Vince Gonzales said he doesn’t travel much outside the Latino evangelical world as a Texas pastor. But there he was Tuesday among a very diverse crowd at the U.S. Chamber of Commerce, minutes from meeting with House members to urge them to advance immigration reform.
Compelling him outside his normal environment was the issue of immigration reform and his like-mindedness with hundreds of other conservatives that it urgently needs to be done.
“Coming here has given me the opportunity to speak directly to the country’s leadership,” said Gonzales, who leads a 200-member congregation in Farmers Branch, Texas. He said his members are about a third immigrants and two-thirds the children and grandchildren of immigrants.
Hundreds of conservative business, agriculture, evangelical and political leaders were presenting a different face than usually is seen on immigration reform.
Wearing business suits and many carrying Republican credentials, the group hoped they could show that the U.S. can and should secure its borders and bring millions of people into legal status and that the issue is important to the American economy.
The Senate has passed a sweeping immigration bill, while the House is passing several separate bills on different aspects of immigration. The House leadership has been coy about whether it plans to move those bills to the floor this year so it can go to conference committee with the Senate to negotiate differences.
On Tuesday, a second Republican, Rep. Ileana Ros-Lehtinen of Florida, became the second GOP House member to sign on to a Democratic immigration bill in the House that is largely similar to the House version with a change to border security provisions.
However. Rep. David Valadao, R-Calif., said he was “just not there yet” to sign on to the bill though he said he has been looking at the bill and going over details of it with Rep. Joe Garcia, D-Fla., its chief sponsor.
Before heading to Capitol Hill, the conservatives gathered first at the Chamber of Commerce to hear from leaders and get tips on how to talk to the congressional members with whom they had meetings. Gonzales, whose city prohibited landlords from renting to immigrants illegally in the country, was to meet with Rep. Pete Sessions, R-Texas.
The conservatives were urged to dispel myths about immigration and to speak of the economic benefits of immigration reform.
In a question and answer session, Alberto Cardenas, chairman of the American Conservative Union, was asked how to bring along a freshman congressman who said he is for immigration reform but believes his constituents in his district are not.
Cardenas said polling data shows otherwise and the House member should be reminded of what his constitutional duties to the people he represents are, that his duties are not just to the most vocal constituents.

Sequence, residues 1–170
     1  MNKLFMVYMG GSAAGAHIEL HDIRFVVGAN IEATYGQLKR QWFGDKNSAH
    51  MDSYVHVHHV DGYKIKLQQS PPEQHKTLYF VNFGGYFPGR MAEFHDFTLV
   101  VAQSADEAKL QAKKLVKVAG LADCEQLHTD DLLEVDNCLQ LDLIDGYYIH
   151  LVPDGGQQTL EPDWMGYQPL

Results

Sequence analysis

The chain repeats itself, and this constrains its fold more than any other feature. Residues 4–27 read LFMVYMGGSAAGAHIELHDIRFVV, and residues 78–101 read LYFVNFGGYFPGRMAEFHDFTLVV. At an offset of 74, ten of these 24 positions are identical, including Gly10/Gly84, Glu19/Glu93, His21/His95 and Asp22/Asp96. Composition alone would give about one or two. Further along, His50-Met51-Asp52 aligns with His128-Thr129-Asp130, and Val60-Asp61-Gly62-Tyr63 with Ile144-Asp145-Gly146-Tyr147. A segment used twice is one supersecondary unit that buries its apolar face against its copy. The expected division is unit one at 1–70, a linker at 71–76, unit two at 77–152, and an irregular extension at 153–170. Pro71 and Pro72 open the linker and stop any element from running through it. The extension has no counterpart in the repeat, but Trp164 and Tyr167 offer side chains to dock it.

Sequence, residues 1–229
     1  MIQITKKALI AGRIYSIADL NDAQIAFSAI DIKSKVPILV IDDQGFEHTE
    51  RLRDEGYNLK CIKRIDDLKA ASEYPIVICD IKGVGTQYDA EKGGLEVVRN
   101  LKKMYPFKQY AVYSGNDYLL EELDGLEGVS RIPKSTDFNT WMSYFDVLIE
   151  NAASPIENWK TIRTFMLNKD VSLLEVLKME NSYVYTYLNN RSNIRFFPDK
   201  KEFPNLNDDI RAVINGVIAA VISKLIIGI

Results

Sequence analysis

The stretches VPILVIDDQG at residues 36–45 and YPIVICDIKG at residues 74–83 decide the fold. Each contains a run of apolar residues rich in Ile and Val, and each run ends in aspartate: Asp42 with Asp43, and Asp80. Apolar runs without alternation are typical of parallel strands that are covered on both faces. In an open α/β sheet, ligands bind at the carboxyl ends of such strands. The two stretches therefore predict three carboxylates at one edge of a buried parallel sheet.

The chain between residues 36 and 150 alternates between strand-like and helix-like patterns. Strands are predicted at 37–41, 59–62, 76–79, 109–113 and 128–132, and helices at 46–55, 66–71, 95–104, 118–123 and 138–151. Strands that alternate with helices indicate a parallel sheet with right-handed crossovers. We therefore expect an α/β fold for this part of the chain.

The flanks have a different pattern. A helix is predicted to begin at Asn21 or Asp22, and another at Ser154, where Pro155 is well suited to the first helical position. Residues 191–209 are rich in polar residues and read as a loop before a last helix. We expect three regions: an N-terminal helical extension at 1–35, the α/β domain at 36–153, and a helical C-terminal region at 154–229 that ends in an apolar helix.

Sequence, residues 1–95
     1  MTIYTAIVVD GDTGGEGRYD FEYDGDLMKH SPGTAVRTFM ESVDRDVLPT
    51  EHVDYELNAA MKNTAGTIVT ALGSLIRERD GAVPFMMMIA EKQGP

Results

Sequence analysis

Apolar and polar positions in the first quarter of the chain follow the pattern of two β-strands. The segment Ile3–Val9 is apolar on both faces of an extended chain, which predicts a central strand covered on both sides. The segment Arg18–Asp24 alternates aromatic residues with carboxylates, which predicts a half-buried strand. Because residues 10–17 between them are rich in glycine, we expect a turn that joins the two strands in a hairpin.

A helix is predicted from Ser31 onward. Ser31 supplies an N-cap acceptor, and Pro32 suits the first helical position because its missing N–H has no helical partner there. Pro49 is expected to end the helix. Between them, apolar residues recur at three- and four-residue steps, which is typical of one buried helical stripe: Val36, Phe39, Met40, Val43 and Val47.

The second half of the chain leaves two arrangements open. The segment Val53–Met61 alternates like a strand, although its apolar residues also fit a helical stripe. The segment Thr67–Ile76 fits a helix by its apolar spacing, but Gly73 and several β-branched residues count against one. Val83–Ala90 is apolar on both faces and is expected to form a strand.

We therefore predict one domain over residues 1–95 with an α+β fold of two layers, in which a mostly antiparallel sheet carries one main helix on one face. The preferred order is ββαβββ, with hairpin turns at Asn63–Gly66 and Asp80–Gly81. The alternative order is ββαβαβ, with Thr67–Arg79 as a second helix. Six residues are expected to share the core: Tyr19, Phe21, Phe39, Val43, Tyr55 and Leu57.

“This challenge on immigration reform and the future of our nation’s economic development rests on getting this right and getting it done now,” Cardenas said. “He needs to move forward and do what’s right for this country and do it now.”
There was more advice in the morning panel that also included tax reformer Grover Norquist; Barrett Duke, an official with the Southern Baptist Convention’s ethics and religious liberty commission; Frank Keating, president and CEO of the American Bankers Association; Fresno County, Calif. Sheriff Margaret Mims and Tom Nassif, president and CEO of the Western Growers Association.
For 21-year-old Fred Diego, a student at Indiana University, the reasons to be there were more personal. An immigrant from Guerrero, Mexico, he was brought to the country by his parents who entered illegally.
He said he considered the issue consistent with Christian beliefs and hoped to bring cut through what has been a “tenuous relationship” between Hispancis and conservative Christians.
“It’s not a brown issue. It is an American issue,” said Diego, who has been able to go to college on a full academic scholarship. Indiana does not allow immigrants not legally in the country to pay lower, in-state tuition.
The attendees filled a large meeting room and spilled over into an overflow room.
In conjunction with the meeting the Bipartisan Policy Center issued a report using the Senate-passed immigration reform bill to assess the impact of immigration and reforms.
Overall, the study found immigration reform produces economic benefits that adds new, younger workers who increase the size and strength of the labor force, jumpstart new housing construction, reduce deficits in the long-term, offset the aging workforce and increase wages over time.
The study was done by the Bipartisan Policy Center’s immigration task force that is co-chaired by former Secretary of State Condoleezza Rice, former Housing Secretary Henry Cisneros and former Louisana Gov. Haley Barbour and former Pennsylvania Gov. Ed Rendell.
“A balanced understanding of the costs and benefits of immigration reform is crucial to this process. We believe it is both critical and possible to develop a bipartisan approach to immigration reform …,” the co-chairs said in a statement.
John Feinblatt, chairman of the Partnership for a New American Economy which was one of the organizers of the event, told the crowd that it was “up to us to make sure our leaders understand that they, in fact, by doing nothing, are handcuffing the economy.”